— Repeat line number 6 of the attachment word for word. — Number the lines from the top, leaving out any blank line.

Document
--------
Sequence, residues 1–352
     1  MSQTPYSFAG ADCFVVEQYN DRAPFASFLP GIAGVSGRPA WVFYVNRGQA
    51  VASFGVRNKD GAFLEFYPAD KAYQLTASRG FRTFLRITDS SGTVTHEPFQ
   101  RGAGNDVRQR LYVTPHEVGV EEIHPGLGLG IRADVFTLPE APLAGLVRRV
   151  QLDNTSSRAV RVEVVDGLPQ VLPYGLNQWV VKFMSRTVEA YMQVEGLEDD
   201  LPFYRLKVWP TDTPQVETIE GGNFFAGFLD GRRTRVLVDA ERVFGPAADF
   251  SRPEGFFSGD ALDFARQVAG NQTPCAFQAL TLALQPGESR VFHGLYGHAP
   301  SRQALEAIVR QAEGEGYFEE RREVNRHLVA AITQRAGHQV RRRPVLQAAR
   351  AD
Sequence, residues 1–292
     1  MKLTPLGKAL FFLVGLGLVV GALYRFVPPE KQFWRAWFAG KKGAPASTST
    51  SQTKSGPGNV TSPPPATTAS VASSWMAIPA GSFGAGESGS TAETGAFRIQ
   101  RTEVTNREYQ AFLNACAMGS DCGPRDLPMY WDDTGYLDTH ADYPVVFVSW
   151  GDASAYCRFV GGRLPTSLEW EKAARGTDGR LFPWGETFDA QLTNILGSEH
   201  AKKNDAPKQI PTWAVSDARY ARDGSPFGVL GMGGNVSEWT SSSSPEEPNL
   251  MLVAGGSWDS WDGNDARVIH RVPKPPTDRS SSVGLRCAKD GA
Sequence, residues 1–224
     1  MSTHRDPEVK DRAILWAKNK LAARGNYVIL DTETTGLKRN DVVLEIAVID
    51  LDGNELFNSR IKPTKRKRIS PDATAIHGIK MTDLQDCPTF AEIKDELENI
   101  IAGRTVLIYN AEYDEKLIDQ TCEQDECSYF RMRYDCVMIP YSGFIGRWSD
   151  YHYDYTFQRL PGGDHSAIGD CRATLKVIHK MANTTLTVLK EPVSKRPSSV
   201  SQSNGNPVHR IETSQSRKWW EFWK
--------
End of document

   201  LPFYRLKVWP TDTPQVETIE GGNFFAGFLD GRRTRVLVDA ERVFGPAADF